Look Back in Anger (1959) - News Poster

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Road to Brexit review – thanks for trying to joke us through this hell

You’d have to have a heart of stone not to find Matt Berry funny – but somehow this one-off comedy fell flat. Perhaps we’re too depressed to laugh now?

Very much like Kenneth Tynan and Look Back in Anger, I could not love anyone who did not love Matt Berry. Whose heart, already full with Garth Marenghi’s Darkplace or The It Crowd, did not lift further when a Todd Rivers or Douglas Reynholm scene came along. Toast of London, in which he played the main character rather than a piquant smaller role, has its issues, but nevertheless … Anyone who can hear that distinctive drawl – emphasising just the wrong syllable in a sentence and somehow managing to capitalise random nouns and letters – and not collapse in a heap of laughter has my abiding sympathy. It is no way to live.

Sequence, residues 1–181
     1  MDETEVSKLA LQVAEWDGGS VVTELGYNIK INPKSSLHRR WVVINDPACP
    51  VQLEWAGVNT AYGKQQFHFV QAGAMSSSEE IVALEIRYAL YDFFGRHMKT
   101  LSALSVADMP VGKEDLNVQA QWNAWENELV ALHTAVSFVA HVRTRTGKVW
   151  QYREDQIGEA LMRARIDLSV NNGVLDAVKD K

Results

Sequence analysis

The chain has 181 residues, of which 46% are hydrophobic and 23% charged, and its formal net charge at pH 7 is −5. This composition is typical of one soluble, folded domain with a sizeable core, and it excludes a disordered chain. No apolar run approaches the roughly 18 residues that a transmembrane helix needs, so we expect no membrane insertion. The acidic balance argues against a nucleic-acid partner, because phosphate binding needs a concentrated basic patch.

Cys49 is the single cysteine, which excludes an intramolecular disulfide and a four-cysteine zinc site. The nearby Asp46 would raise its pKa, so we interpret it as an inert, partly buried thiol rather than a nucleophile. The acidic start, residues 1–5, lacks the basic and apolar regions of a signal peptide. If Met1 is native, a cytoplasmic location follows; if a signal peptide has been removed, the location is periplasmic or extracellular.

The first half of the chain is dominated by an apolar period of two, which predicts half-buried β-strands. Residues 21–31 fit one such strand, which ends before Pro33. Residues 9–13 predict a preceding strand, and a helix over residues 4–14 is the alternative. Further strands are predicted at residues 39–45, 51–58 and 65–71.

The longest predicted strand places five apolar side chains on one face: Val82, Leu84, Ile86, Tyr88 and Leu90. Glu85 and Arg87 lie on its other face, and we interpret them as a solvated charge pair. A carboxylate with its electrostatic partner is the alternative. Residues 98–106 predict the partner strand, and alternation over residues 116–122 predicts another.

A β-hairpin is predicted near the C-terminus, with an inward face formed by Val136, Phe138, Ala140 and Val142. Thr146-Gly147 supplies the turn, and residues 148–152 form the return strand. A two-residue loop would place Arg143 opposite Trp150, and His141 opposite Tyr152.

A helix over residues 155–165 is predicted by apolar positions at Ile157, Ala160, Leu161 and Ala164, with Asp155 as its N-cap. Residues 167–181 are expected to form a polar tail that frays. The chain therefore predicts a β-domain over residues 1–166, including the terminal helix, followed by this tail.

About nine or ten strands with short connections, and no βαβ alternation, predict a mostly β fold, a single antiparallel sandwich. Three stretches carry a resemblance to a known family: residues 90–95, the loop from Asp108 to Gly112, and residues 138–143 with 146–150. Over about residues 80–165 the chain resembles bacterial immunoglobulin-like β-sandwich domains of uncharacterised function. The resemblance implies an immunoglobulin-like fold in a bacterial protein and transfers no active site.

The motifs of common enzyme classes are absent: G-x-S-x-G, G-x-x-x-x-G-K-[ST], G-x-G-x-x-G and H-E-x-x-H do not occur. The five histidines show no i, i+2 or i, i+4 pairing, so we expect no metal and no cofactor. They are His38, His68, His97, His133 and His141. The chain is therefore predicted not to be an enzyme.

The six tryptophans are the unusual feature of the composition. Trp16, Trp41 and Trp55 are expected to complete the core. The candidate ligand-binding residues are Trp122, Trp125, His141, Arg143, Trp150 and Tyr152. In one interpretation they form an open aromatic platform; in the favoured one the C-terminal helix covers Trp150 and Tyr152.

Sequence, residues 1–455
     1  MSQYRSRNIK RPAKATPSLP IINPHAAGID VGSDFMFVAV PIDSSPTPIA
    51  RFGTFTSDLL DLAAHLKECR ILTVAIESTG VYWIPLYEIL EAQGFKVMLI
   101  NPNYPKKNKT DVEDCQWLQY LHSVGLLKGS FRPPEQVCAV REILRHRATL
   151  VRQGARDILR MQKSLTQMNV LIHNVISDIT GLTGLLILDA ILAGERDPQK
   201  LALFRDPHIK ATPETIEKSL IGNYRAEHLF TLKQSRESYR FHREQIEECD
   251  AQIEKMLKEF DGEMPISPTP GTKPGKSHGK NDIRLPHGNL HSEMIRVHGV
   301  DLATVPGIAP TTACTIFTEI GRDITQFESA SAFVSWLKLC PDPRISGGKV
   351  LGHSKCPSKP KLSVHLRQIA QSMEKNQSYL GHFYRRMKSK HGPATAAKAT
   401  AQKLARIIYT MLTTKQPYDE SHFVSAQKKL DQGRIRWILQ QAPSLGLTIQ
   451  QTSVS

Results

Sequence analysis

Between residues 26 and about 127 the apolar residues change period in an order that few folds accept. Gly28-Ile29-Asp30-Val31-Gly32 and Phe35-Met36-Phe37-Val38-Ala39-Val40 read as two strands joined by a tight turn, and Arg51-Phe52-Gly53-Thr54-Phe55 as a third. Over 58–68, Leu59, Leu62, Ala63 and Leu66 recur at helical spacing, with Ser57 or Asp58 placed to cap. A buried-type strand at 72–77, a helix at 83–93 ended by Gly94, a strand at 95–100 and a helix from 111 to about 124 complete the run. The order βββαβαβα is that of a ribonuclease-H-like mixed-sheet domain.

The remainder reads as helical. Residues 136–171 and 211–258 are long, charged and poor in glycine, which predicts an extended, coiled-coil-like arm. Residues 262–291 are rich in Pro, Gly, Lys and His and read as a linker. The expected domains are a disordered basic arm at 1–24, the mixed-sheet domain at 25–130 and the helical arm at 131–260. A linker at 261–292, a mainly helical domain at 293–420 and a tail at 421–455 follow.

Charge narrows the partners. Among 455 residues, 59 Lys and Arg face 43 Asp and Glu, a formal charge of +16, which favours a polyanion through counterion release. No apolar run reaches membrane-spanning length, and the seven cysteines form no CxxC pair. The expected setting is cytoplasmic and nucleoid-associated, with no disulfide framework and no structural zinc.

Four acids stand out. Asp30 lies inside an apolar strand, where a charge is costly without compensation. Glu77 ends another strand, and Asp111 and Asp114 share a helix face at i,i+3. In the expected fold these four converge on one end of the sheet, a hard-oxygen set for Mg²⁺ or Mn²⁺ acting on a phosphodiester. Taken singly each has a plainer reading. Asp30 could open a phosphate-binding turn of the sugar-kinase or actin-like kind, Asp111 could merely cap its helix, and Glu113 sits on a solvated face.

Last night he was Michael Squeamish, author of Fish
See full article at The Guardian - TV News »

David Bowie 1980s Boxed Set, ‘Loving the Alien,’ Due in October

  • Variety
David Bowie 1980s Boxed Set, ‘Loving the Alien,’ Due in October
Parlophone Records announced Wednesday that “David Bowie: Loving the Alien 1983-1988,” the fourth in its series of boxed sets compiling the late artist’s work from 1969, will be released on Oct. 12. The era was Bowie’s most commercially successful period and includes the hit albums “Let’s Dance” and “Tonight.”

The 11 CD/15 LP set follows the formidable collections “Five Years (1969-1973),” “Who Can I Be Now? (1974-1976),” and “A New Career in a New Town (1977-1982).”

It also includes a near-complete re-recording of Bowie’s 1987 album “Never Let Me Down,” which he’d often said he wanted to re-do, overseen by producer / engineer Mario McNulty with new instrumentation by longtime Bowie collaborators Reeves Gabrels (guitar), David Torn (guitar), Sterling Campbell (drums), and Tim Lefebvre (bass), as well as string quartet with arrangements by Nico Muhly and a guest cameo by Laurie Anderson on “Shining Star (Makin’ My Love).”

It
See full article at Variety »